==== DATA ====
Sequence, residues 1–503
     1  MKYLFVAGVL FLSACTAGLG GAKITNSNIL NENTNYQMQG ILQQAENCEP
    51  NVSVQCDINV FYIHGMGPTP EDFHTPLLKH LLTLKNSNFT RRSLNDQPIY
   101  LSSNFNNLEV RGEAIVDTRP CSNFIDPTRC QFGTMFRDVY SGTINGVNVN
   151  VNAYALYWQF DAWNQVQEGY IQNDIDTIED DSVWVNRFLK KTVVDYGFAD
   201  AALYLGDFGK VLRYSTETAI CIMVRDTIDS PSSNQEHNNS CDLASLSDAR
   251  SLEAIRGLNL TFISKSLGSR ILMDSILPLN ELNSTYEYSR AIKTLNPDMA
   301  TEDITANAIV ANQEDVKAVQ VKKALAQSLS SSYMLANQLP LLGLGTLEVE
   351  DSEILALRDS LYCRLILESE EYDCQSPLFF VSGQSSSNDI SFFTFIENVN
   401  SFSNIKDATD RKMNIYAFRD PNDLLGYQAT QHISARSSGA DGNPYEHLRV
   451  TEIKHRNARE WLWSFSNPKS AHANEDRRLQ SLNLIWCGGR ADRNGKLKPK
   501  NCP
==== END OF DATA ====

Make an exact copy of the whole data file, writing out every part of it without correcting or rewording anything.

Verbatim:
Sequence, residues 1–503
     1  MKYLFVAGVL FLSACTAGLG GAKITNSNIL NENTNYQMQG ILQQAENCEP
    51  NVSVQCDINV FYIHGMGPTP EDFHTPLLKH LLTLKNSNFT RRSLNDQPIY
   101  LSSNFNNLEV RGEAIVDTRP CSNFIDPTRC QFGTMFRDVY SGTINGVNVN
   151  VNAYALYWQF DAWNQVQEGY IQNDIDTIED DSVWVNRFLK KTVVDYGFAD
   201  AALYLGDFGK VLRYSTETAI CIMVRDTIDS PSSNQEHNNS CDLASLSDAR
   251  SLEAIRGLNL TFISKSLGSR ILMDSILPLN ELNSTYEYSR AIKTLNPDMA
   301  TEDITANAIV ANQEDVKAVQ VKKALAQSLS SSYMLANQLP LLGLGTLEVE
   351  DSEILALRDS LYCRLILESE EYDCQSPLFF VSGQSSSNDI SFFTFIENVN
   401  SFSNIKDATD RKMNIYAFRD PNDLLGYQAT QHISARSSGA DGNPYEHLRV
   451  TEIKHRNARE WLWSFSNPKS AHANEDRRLQ SLNLIWCGGR ADRNGKLKPK
   501  NCP